Best known for mega-bestselling horror yarns, King (Finders Keepers, 2015, etc.) has been writing short stories for a very long time, moving among genres and honing his craft. This gathering of 20 stories, about half previously published and half new, speaks to King’s considerable abilities as a writer of genre fiction who manages to expand and improve the genre as he works; certainly no one has invested ordinary reality and ordinary objects with as much creepiness as King, mostly things that move (cars, kid’s scooters, Ferris wheels). Some stories would not have been out of place in the pulp magazines of the 1940s and ’50s, with allowances for modern references (“Somewhere far off, a helicopter beats at the sky over the Gulf. The DEA looking for drug runners, the Judge supposes”). Pulpy though some stories are, the published pieces have noble pedigrees, having appeared in places such as Granta and The New Yorker. Many inhabit the same literary universe as Raymond Carver, whom King even name-checks in an extraordinarily clever tale of the multiple realities hidden in a simple Kindle device: “What else is there by Raymond Carver in the worlds of Ur? Is there one—or a dozen, or a thousand—where he quit smoking, lived to be 70, and wrote another half a dozen books?” Like Carver, King often populates his stories with blue-collar people who drink too much, worry about money, and mistrust everything and everyone: “Every time you see bright stuff, somebody turns on the rain machine. The bright stuff is never colorfast.” Best of all, lifting the curtain, King prefaces the stories with notes about how they came about (“This one had to be told, because I knew exactly what kind of language I wanted to use”). Those notes alone make this a must for aspiring writers.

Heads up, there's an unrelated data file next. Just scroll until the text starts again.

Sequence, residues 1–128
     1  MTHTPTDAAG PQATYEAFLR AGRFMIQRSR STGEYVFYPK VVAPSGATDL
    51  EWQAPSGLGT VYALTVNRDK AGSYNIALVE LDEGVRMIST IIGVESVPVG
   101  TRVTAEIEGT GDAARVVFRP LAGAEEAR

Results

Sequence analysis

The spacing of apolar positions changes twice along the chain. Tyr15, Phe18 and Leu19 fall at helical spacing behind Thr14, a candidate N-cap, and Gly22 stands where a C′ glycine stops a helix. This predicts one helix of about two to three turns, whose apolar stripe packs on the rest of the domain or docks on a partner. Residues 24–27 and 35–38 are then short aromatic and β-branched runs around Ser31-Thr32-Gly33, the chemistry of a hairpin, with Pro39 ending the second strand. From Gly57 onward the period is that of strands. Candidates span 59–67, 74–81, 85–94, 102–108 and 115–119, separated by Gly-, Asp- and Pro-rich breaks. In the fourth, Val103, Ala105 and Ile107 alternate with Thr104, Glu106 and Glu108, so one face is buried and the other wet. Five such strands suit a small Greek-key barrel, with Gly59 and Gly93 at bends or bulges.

Readers seeking a tale well told will take pleasure in King’s sometimes-scary, sometimes merely gloomy pages.

Pub Date: Nov. 3, 2015

ISBN: 978-1-5011-1167-9

Page Count: 512

Publisher: Scribner

Review Posted Online: Aug. 17, 2015

Kirkus Reviews Issue: Sept. 1, 2015